By: Hannah Wallace
A commercial for McDonald’s fish sandwiches played in a classroom at Park Slope Collegiate one day last month as part of a class called the Science of Food. It was clear that many students had seen the ad — several sang along with the jingle — but this was the first time they had been asked to critique it.
“Who is the target audience for this ad?” asked their teacher, Joni Tonda.
“Us!” yelled the 23 students, practically in unison.
Through the class, which is part of a new program being taught at 15 city high schools, students are becoming aware that they are part of a lucrative demographic, and they are learning how companies target them.
Media literacy is only one part of Ms. Tonda’s lesson plan, which is based on a curriculum developed by a nonprofit group, FoodFight. The group’s founders, Carolyn Cohen and Deborah Lewison-Grant, two former public school teachers, set out to change the way adolescents think about food. By one estimate, 35 percent of adolescents in the United States are overweight or obese.
Though there have been several recent attempts to improve school food and to plant edible gardens at public schools — Michelle Obama’s “Let’s Move” campaign among them — those efforts have largely been focused on elementary and junior high schools.
“High school students have been ignored in this conversation about the obesity epidemic,” Ms. Cohen said. “It’s a serious health crisis.”
The lesson plan blends media literacy, politics, nutrition and cooking. Students learn how to evaluate food labels, to prepare nutritious and affordable meals, and to identify the political and economic forces that shape their diet. Some will visit urban farms, food co-ops and a 400-acre farm upstate.
Sarah Katz, one of the first teachers trained in the program, in August 2010, said the curriculum appealed to her because of its interdisciplinary nature and because it was not preachy.
“Telling kids what they should and shouldn’t eat is not really effective,” said Ms. Katz, who taught a class called Food for Thought at Essex Street Academy last spring. “Teenagers don’t do things because adults tell them to. They need to care and have enough information to make their own choices.”
A FoodFight course begins with a critical look at marketing campaigns. Some students react with outrage. “Kids don’t like to be played by corporations,” Ms. Katz said. “They want to make their own choices.”
At another point, the class discusses why some neighborhoods lack access to healthy, affordable food, an issue that resonates with students because many FoodFight classes are taught in poor neighborhoods.
Students keep a food journal and learn how lobbyists try to influence federal dietary recommendations.
In the lesson about advertising at Park Slope Collegiate, Ms. Tonda organized her students into small groups and asked them to create a slogan for a real or imagined food product. Three boys in the back of the class designed an energy bar called Pro-Fit. “It’s more than protein; it’s Pro-Fit!” their slogan read.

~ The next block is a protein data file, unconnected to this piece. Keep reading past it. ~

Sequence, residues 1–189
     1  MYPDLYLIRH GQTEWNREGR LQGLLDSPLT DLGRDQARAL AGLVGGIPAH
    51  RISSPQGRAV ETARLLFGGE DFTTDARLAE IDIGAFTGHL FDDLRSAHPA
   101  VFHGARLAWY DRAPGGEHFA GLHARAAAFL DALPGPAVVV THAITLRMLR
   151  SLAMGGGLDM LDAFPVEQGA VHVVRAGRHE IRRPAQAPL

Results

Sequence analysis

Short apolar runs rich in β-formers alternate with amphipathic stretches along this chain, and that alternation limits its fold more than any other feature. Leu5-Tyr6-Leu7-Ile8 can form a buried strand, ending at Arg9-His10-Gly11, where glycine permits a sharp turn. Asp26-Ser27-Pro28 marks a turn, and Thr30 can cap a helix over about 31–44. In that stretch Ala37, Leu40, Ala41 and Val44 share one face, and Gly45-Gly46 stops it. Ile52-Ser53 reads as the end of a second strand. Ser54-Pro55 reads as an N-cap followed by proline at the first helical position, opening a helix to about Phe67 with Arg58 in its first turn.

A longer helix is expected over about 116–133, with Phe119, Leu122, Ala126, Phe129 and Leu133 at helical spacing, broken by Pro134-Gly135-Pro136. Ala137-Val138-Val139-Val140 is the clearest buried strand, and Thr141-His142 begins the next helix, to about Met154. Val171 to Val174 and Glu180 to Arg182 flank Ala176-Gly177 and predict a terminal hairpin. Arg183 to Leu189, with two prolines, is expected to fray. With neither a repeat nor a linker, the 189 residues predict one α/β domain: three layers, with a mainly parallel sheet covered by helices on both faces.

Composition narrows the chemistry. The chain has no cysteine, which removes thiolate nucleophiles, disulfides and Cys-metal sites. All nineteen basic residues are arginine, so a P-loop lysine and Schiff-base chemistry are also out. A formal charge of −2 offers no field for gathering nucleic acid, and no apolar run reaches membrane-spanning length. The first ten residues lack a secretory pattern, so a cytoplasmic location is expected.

Takiyah Newton, a senior, said, “I signed up for the class because I wanted to learn about the food we eat, and society and stuff.” A highlight, she said, was “learning about these companies and how they’re tricking us.”
Ms. Tonda said she had seen some changes in students’ behavior. After a lesson about the consequences of consuming too much sugar, Ms. Newton switched from McDonald’s sweetened iced tea to a no-calorie drink, Ms. Tonda said, and now brings bottled water to class. Another student, affected by the images of a crowded chicken farm in the documentary “Food Inc.,” has asked her mother to stop buying meat from industrial producers.
Ms. Katz, at Essex Street Academy, was skeptical at first that her students would alter their diets. But when she quizzed parents, it became clear that habits were changing. One student said he had cut out sugar-sweetened beverages. “His mom said, ‘So that’s why they’re still sitting there in the fridge!’ ” Ms. Katz said.
Before Brandon Rosales took the class last year, he drank a lot of soda and never thought about portion sizes. “I would skip breakfast, eat a light lunch and then stuff myself at dinner,” said Mr. Rosales, who acknowledged that he was overweight.
After his food journal revealed the unhealthy pattern, he began replacing juice and soda with water, he said, and started eating smaller meals. Since he took the class, he said, he has lost 10 pounds, and he continues to maintain the journal.
“Now my food journal looks clean,” he said. “My meals are good; I drink water. It’s like a healthy person’s journal.” His family history provides some motivation. “I have a family full of diabetics,” he said. “I want to live a happy life not having to put insulin in like my grandmas do.”
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